Dynasty Draft Pick Trade Strategy (2020 Fantasy Football)
Trading in dynasty leagues is very often half of the fun. League activity like trades begets more activity, and it’s an exciting facet of dynasty leagues that lasts year-round. This is especially true because of the inclusion of rookie draft picks to the trade asset pile. Rookie draft picks can be used to hasten a rebuilding effort or to acquire assets that can help you contend immediately.
The first thing to determine when trading for dynasty league rookie draft picks is the timing. Trading for the same asset prior to the season, versus in-season, versus after the season, versus trading for a pick two or more years down the line, will, of course, all carry different price tags. Once you have the when figured out, it’s time to decide what sort of approach you want to take with buying or selling your rookie draft picks. Since we discussed draft pick trade strategy in depth last season here (strongly suggested reading), we’ll take a look at some of the most common strategies and approaches to buying or selling picks. Let’s dig in.
Trading up for picks may be one of the easier methods through which one can land dynasty rookie draft targets. One method is to package multiple picks in an effort to move up to acquire a target player. The other method is to package one of your picks with a player in order to secure your target pick. Trading up is sometimes one of the easier methods to trade for a dynasty league rookie draft pick, as your rival owner does not lose a pick. They only move down in exchange for an asset they deemed valuable enough to agree to the transaction.
The trade down is the exact opposite of the trade up. This is an especially helpful strategy if you are not completely sold on any of the players expected to be available when it is your turn to pick. This also works if you are equally enamored with two or three prospects available in the same range, and you would not mind moving down a draft slot or two to acquire additional assets in the process. In these cases, it’s often helpful to ask for an additional pick from a future draft.
Quality but aging veteran
Trading a quality but aging veteran for a rookie pick can, of course, occur either way. If you’re looking to buy, try to sell players you think are due for regression or who will be adversely affected by free agency or the NFL Draft. If this is done in-season, it will take some projecting and salary cap research. If you are the seller of the pick, the aim is to sell high on the pick or to buy low on a player you believe is due for a breakout or a bounce-back season. Trading quality players should always be entertained, as they are generally replaceable talents when compared to actual star players.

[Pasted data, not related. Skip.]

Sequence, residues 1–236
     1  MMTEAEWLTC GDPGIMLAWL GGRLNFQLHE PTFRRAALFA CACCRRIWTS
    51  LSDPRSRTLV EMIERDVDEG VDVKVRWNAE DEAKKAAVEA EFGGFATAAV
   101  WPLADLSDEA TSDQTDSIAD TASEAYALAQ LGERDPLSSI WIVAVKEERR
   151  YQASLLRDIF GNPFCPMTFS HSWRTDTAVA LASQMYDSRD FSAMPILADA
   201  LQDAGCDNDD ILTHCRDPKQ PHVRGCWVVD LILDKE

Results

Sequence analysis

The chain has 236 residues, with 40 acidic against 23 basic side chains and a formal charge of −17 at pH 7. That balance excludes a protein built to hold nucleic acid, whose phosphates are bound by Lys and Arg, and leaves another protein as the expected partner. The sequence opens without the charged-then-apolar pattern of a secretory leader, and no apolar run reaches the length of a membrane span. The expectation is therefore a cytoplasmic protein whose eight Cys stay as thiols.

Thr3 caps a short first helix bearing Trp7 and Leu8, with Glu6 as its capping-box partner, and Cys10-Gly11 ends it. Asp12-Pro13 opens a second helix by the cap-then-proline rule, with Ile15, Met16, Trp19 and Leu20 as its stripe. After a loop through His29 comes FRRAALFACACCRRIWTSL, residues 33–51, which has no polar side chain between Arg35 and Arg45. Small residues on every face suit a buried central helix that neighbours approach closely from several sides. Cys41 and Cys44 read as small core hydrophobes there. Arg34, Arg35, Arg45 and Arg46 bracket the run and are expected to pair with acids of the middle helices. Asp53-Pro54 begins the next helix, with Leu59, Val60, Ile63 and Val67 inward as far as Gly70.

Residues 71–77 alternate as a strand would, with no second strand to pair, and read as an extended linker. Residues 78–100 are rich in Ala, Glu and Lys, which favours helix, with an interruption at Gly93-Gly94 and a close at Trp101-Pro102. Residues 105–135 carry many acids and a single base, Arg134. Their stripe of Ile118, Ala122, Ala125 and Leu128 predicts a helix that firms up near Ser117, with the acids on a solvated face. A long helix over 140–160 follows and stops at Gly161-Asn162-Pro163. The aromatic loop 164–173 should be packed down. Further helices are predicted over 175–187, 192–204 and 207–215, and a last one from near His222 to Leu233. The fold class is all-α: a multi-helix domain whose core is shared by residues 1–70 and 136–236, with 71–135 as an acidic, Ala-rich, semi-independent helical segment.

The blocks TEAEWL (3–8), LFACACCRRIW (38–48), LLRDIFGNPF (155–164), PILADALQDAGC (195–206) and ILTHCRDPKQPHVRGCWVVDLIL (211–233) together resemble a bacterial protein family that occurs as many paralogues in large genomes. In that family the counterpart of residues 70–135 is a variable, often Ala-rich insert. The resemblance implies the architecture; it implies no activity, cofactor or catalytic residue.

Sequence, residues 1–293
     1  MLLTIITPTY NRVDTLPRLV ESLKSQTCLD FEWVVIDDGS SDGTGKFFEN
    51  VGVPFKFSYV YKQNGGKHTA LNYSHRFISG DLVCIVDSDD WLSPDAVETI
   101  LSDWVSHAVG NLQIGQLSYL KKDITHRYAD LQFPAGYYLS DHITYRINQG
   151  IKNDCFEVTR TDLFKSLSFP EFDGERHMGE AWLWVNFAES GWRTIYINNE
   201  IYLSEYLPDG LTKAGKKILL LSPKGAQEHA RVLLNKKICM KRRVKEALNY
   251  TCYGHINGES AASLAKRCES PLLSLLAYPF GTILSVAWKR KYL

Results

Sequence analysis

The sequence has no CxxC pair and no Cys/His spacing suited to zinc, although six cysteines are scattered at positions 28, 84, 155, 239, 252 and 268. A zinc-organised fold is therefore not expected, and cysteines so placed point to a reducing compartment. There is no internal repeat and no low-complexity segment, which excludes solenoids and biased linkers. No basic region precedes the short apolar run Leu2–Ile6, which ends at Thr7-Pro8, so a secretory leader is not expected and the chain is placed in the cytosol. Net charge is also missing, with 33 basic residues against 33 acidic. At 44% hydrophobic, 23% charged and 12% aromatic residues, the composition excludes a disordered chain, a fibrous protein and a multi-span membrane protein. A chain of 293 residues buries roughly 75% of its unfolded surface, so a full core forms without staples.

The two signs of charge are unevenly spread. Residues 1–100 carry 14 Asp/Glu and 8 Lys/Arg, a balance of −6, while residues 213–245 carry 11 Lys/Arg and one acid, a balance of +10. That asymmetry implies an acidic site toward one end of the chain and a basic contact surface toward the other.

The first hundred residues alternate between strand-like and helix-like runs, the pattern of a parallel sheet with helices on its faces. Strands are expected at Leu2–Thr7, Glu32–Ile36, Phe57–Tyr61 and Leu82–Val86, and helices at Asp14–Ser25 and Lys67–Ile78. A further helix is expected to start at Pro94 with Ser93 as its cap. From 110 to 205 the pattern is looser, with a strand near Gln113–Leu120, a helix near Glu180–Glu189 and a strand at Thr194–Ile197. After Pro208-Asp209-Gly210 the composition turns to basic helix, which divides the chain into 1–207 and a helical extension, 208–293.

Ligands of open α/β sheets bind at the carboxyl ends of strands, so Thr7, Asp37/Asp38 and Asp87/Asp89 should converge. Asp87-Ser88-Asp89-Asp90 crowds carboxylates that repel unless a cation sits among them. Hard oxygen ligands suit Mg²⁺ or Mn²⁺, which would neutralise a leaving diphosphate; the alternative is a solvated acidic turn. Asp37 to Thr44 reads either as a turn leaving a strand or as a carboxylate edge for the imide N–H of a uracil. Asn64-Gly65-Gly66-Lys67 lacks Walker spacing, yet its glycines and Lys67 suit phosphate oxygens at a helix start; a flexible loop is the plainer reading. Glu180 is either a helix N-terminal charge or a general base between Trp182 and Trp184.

Star for high pick (rebuild mode)
Trading star players for a high pick is a common practice for teams committed to a rebuild. If you are sitting on a star wideout who just so happens to be aging, and you can land a rookie pick that will help you secure a similarly-ranked wide receiver in dynasty (but lower in redraft), pull the trigger. Trading star players for elite prospects who may be closer to making a serious impact than others may think it’s a sound strategy. Conversely, if you are selling a high pick in order to win a championship that season, make sure that the player has a long enough shelf life to make the deal worth it. There is nothing worse than accepting a deal only to see the player — or the players you received — see their roles scaled back the following season, all while the pick/player you traded away starts to flourish.
Sell all assets for future picks
Some owners go all in trading for future picks in order to achieve an immediate rebuild. Keeping your youngest and most talented players is recommended if you take this approach. Sometimes, however, that’s not possible, as those particular assets may be the most appealing to other teams. While this is a tough strategy to pull off, it is often a fruitful one if owners are able to land multiple first or second-round picks. Going this route requires you to punt a season as you wait for the next season’s draft. This is also a course of action one could take in the offseason, but waiting would be accompanied by a likely higher price tag than one could find in the season or in the prior offseason.